FOR Pakistan’s sustained economic progress, it is essential for the country to maintain strong linkages with multilateral bodies that focus on trade and development. In this regard, it is unfortunate that Pakistan was unable to attend the High-level Dialogue on Global Development hosted on the sidelines of the virtual BRICS summit by China. Aside from the BRICS members, a number of states, including from this region, participated in the event, which is being viewed as the first step towards the expansion of the multilateral body. The Foreign Office says “one member” blocked Pakistan’s attendance, with sources telling this paper that India — a founding member of BRICS — was responsible for this country’s exclusion. This, sadly, is the same attitude that has resulted in the paralysis of Saarc. Moreover, the authorities need to explore the reason why China did not push harder for Pakistan’s inclusion in the event, even though decisions within BRICS are taken with the consultation of all members. And though the FO insists Islamabad-Beijing ties are as strong as ever, irritants, if any, must be removed using diplomatic channels to ensure that bilateral relations remain strong.
It is possible that China is concerned about the security of its nationals working in Pakistan, especially after the terrorist attack at Karachi University in April in which three Chinese citizens were among the victims. The state needs to convince Beijing that it is doing all possible to ensure the security of Chinese nationals, and to bring to justice those responsible for terrorist attacks targeting Beijing’s citizens. However, it must also be said that were it not for China’s behind-the-scenes help, Pakistan’s exit from the FATF grey list would have been more difficult. It is therefore hoped that bilateral cooperation continues at the highest levels, and Pakistan is able to one day join BRICS and other development-focused bodies. Where India’s malevolent actions towards this country are concerned, there needs to be a new thinking in the subcontinent that focuses on cooperation instead of perpetual confrontation. India’s efforts to isolate Pakistan internationally will do little to bring peace to the region. Instead of indulging in mutually damaging behaviour, both states need to start afresh and work towards regional integration and South-South cooperation in general. Pakistan, thus, must liaise with its foreign friends, and keep channels open with perceived external foes, to ensure that this country has representation at all forums where developing economies gather for mutual benefit.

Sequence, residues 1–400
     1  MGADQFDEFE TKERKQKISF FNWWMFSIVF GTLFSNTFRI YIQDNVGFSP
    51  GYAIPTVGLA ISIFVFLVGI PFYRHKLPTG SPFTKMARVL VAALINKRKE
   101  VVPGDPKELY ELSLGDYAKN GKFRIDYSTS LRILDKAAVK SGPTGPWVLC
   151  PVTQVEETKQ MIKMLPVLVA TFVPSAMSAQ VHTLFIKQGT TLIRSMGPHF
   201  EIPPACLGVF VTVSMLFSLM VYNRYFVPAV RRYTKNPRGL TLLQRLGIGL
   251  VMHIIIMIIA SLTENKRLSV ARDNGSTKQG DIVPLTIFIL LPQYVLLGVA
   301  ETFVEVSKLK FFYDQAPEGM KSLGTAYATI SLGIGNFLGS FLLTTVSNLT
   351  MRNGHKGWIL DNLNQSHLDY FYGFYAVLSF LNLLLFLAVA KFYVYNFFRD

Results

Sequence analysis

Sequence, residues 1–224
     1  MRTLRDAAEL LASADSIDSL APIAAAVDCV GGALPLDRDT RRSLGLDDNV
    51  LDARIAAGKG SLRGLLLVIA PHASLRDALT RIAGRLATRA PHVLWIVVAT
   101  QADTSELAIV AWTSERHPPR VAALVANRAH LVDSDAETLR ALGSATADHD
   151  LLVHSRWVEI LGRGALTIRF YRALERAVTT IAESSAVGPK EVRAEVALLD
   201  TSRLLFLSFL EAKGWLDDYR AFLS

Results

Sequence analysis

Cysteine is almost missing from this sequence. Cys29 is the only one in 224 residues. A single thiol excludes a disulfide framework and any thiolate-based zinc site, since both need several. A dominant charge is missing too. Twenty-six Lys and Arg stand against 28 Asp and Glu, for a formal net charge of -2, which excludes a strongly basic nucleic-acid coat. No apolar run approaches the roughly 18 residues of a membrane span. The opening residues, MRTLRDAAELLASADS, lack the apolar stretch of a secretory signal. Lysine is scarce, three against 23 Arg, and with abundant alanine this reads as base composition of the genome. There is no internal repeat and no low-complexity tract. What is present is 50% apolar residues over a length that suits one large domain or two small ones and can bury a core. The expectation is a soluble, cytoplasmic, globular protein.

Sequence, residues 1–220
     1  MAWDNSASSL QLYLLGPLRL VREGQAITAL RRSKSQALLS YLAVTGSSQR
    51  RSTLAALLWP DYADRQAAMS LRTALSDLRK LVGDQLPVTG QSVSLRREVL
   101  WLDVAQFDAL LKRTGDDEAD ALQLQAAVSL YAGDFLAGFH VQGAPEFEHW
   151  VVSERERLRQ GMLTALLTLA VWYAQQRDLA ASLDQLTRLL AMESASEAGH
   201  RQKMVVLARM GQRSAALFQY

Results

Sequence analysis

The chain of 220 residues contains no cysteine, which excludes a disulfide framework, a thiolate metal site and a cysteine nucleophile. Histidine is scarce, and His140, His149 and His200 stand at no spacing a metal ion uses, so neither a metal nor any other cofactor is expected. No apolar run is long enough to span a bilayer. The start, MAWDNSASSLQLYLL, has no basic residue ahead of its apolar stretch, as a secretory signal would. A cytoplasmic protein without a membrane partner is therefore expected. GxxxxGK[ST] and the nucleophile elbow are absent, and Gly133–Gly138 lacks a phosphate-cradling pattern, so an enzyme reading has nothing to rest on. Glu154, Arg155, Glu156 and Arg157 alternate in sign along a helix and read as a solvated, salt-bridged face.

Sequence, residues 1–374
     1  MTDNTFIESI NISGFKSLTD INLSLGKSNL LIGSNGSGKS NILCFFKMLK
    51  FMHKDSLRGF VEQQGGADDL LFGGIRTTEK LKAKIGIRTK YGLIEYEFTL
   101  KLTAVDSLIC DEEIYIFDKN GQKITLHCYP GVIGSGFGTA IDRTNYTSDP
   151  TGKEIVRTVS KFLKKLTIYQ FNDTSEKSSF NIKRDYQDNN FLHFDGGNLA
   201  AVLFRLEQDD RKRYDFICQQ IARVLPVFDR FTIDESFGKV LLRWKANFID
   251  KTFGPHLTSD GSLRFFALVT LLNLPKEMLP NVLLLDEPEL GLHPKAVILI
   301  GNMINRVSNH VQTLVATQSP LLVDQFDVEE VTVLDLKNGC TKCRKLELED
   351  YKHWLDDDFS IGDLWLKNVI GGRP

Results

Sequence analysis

Published in Dawn, June 29th, 2022